Date of Award
Master of Arts
Dr. Gregory J. Howard
Dr. David Hartmann
Dr. Barry Goetz
Trust, dependence, impersonal, faith, confidence
Masters Thesis-Open Access
This study emerged following an examination of the work by Susan Shapiro (1987) delineating the construct of impersonal trust, and Shapiro's analysis of trust was applied to an understanding of the impersonal trust relationship which Americans have with Food and Drug Administration (FDA). Few fields outside of organizational studies have undertaken efforts to operationalize impersonal trust and to distinguish it from other related constructs, so this exploratory study assessed whether variables associated with interpersonal trust as outlined by Meyer and Ward (2009) were also associated with impersonal trust in FDA. This study further examined whether measures of impersonal trust could be distinguished from a measure of the related construct of dependence. Lastly, as a practical concern, this study examined both trust in and dependence on FDA among a subset of older Americans. This study found that the majority of subjects expressed both trust in and dependence on FDA, that variables associated with personal trust were also associated with impersonal trust, and that measures of trust were empirically indistinguishable from measures of dependence. This study confirmed results obtained by Meyer and Ward (2009; 2013) which indicated that, while trust and dependence are theoretically distinct constructs, they often exist simultaneously under a given set of circumstances and are difficult to empirically demarcate.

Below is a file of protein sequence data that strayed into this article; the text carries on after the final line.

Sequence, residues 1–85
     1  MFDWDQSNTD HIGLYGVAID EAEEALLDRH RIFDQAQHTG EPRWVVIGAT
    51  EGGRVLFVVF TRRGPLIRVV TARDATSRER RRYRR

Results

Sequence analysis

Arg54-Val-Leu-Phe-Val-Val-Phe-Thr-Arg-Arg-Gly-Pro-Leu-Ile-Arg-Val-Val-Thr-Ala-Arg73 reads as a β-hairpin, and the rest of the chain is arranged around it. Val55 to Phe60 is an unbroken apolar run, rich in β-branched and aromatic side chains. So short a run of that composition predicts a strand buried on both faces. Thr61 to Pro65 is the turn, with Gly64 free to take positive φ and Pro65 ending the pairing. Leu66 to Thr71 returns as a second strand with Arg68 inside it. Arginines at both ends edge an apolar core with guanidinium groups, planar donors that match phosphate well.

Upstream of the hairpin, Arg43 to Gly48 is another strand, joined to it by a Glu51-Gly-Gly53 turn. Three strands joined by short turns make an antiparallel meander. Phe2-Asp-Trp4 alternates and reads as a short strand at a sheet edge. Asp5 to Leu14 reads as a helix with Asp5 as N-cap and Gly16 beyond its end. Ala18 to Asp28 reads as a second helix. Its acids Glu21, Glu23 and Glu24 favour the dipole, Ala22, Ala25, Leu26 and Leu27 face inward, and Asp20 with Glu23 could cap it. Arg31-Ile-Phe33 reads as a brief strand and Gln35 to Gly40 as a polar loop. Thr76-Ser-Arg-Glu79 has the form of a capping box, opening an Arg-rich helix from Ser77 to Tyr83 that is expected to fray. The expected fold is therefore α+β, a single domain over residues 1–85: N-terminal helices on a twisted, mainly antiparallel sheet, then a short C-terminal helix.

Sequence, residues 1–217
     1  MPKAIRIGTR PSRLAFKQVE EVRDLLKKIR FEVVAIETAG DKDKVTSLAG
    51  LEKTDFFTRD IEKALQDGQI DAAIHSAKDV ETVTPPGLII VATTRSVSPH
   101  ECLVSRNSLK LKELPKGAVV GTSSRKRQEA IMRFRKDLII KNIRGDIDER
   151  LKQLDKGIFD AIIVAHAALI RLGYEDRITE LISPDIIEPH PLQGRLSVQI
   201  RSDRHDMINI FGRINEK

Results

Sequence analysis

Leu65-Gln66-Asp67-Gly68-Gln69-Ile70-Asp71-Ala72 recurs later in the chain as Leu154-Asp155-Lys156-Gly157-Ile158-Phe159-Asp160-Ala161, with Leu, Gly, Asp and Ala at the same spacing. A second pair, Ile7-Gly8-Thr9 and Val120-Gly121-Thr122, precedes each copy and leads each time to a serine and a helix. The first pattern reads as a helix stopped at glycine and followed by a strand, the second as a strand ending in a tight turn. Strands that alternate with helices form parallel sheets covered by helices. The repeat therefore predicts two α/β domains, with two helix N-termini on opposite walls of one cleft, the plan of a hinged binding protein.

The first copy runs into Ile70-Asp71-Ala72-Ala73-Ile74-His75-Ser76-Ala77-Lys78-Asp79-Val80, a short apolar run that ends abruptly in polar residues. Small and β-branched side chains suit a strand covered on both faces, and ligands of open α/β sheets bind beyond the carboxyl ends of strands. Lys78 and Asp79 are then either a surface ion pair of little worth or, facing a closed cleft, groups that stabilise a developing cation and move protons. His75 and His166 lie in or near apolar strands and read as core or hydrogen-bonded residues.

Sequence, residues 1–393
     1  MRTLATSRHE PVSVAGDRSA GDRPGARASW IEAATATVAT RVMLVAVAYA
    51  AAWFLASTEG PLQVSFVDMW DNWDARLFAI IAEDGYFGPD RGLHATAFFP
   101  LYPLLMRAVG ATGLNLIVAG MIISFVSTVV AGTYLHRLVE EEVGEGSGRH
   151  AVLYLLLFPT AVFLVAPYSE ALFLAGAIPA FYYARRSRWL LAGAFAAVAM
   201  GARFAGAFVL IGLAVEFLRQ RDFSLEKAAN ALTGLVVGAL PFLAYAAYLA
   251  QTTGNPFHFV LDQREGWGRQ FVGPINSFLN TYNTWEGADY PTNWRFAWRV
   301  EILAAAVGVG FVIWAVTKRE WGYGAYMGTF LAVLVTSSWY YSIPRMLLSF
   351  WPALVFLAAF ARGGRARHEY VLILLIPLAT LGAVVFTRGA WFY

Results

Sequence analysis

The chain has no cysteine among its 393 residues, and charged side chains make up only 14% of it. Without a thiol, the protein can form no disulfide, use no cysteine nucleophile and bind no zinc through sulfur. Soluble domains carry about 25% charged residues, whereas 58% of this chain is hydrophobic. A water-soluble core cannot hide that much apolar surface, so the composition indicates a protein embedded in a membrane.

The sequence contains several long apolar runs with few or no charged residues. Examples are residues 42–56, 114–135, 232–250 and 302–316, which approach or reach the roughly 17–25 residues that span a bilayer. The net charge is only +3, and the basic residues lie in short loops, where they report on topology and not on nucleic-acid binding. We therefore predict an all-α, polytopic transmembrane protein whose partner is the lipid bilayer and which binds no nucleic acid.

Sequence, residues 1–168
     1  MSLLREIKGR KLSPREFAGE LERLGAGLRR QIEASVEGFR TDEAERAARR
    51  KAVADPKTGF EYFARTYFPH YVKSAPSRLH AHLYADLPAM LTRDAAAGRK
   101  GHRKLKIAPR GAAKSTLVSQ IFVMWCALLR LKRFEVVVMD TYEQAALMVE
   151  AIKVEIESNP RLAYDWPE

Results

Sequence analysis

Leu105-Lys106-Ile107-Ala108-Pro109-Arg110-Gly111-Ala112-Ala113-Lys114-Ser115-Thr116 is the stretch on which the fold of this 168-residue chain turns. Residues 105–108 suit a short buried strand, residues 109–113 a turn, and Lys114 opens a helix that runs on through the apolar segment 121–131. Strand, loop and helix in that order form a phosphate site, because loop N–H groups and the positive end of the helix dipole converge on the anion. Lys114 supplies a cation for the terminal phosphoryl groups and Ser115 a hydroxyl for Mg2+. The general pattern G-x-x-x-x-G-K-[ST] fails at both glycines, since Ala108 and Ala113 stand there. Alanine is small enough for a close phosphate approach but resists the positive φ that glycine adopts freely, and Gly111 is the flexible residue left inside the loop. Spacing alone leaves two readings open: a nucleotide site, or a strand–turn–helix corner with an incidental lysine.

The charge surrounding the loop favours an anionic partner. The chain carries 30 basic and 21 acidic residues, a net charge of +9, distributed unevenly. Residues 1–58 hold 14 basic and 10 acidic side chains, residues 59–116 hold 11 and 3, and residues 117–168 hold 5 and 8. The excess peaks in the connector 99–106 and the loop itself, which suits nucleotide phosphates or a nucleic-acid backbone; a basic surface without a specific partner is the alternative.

Meyer, Amanda C., "Impersonal Trust in Versus Dependence on FDA" (2014). Masters Theses. 476.